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View Diary: ARAB MEDIA Crash Course: Obama's Interview (19 comments)

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  •  Bush totally sucked but (0+ / 0-)

    why is it that so many think it is the job of the US to fix the problems of the middle east. Those societies have been around for centuries. Why aren't the leaders of arab and muslim nations held responsible for the poverty of their people? The US has by no means been perfect but I don't understand why we should be the ones to solve the ills of their own societies. They need to take reponsibilty for the development of their own countries and their people. Everyone is looking for someone to blame for their own failures.

    "We don't throw the first punch, but we'll throw the last." Barack Obama, October 6, 2008

    by jessica69 on Wed Jan 28, 2009 at 05:09:30 AM PST

    •  Well, we prop up their corrupt dictators (1+ / 0-)
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      trivium

      Well, I definitely agree that a cult of victimization often poisons the wells of Arab thought, and that people need to believe that they're at least agents of their destiny.  That's a trait that's common throughout humanity in any society suffering a deep sense of humiliation.  So remember that American support is, always indirectly and quite often directly, responsible for keeping most of the current Middle East regimes in power.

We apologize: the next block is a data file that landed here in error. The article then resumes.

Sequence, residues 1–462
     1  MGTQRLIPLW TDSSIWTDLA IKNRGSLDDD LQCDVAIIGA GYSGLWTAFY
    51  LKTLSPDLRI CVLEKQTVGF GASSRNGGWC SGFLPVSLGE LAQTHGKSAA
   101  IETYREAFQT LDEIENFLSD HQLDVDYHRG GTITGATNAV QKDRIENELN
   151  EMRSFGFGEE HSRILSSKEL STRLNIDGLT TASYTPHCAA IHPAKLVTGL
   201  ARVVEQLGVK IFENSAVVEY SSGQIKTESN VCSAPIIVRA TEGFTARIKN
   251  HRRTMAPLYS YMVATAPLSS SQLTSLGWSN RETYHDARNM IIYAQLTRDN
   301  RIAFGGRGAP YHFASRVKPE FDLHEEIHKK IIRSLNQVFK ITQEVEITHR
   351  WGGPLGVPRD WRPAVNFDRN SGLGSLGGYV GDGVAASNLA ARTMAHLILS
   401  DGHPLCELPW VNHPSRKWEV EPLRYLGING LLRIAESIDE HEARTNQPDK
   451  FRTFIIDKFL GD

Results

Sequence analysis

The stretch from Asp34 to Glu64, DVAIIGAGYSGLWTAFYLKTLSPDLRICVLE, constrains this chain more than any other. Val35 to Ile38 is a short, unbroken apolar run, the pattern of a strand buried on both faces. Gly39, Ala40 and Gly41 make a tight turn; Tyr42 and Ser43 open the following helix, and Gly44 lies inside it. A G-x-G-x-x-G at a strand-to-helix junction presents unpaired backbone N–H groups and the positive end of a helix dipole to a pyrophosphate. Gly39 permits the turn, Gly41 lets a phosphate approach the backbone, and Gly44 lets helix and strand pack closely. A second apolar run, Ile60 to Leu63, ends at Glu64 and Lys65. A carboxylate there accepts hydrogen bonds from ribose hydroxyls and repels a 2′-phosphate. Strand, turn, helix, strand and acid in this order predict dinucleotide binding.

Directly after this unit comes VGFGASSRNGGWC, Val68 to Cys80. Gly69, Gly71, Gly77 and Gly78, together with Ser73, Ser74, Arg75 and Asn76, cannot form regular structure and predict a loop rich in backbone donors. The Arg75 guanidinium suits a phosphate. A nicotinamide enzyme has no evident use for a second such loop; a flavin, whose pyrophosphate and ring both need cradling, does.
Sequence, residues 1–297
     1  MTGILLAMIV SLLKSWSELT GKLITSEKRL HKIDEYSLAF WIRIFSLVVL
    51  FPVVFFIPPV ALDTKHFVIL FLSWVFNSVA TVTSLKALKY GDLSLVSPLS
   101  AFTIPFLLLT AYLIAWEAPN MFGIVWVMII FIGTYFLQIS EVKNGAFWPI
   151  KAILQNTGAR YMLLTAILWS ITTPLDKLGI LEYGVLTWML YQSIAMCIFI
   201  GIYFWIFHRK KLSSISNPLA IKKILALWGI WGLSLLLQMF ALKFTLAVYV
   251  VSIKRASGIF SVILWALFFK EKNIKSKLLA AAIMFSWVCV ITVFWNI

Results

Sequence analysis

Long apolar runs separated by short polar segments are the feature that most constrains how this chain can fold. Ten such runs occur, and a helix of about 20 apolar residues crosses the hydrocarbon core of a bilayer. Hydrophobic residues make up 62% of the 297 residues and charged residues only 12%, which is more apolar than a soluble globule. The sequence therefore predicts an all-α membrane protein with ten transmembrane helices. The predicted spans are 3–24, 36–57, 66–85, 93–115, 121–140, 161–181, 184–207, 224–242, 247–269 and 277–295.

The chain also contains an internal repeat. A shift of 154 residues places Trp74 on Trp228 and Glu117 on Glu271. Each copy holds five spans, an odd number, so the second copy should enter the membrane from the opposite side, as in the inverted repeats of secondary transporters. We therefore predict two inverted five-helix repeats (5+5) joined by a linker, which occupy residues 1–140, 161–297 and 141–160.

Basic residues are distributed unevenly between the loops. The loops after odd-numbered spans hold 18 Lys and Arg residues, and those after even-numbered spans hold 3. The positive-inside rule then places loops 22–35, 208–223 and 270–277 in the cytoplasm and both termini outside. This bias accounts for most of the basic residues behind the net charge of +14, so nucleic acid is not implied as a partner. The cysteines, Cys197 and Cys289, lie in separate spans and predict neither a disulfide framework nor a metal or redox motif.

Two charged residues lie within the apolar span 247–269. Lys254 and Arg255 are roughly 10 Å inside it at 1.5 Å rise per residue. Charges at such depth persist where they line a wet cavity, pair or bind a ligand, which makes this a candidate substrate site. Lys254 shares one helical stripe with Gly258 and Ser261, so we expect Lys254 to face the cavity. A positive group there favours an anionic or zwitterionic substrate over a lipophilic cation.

Most Arabs will tell any American they find that they love America's ideals and culture - free speech, democracy, the rule of law, plus our pop culture and how powerfully our system can raise standards of living.  They resent America because they believe its policies willfully, cynically deny these blessings to the Arab world by supporting the dictatorships that rule it.  We've supported Mubarak in Egypt for thirty years.  We've gone to war to save the Saudi regime whose is, well, even dystopia is a gentle way of putting it. All the autocratic Gulf monarchies fall directly under the American military umbrella.  We support an autocratic military-based regime in Algeria. Even the relatively open Arab governments we're allied with - like Jordan, Tunisia, and Morocco - kill all sorts of free speech absolutely preclude any transfer of power from the ruling party.  Iraq, Palestine, and Lebanon (somewhat) have real elections that really decide who rules, but each passed through hell-on-earth to get that. Excepting Belarus, the least democratic European country is more open and free politically than the freest Arab country.  So it's hard for people to demand change there when we rarely ask their leaders to even listen, much less act on it.

      But we can't let a thousand democracies bloom all at once in the mid-east - grand transformational designs usually screw up more than they fix.  Stability is necessary for sustainable political liberalization, but our fixation on stability at the expense of openness and human rights has helped get the mid-east in the mess its in today.  So we need to continue to support these regimes but prod them to become more open and democratic (Taiwan and South Korea offer pretty good examples to emulate).  So we're stuck looking like the bad guy, no matter what we do.  That's why there's no easy answers.  

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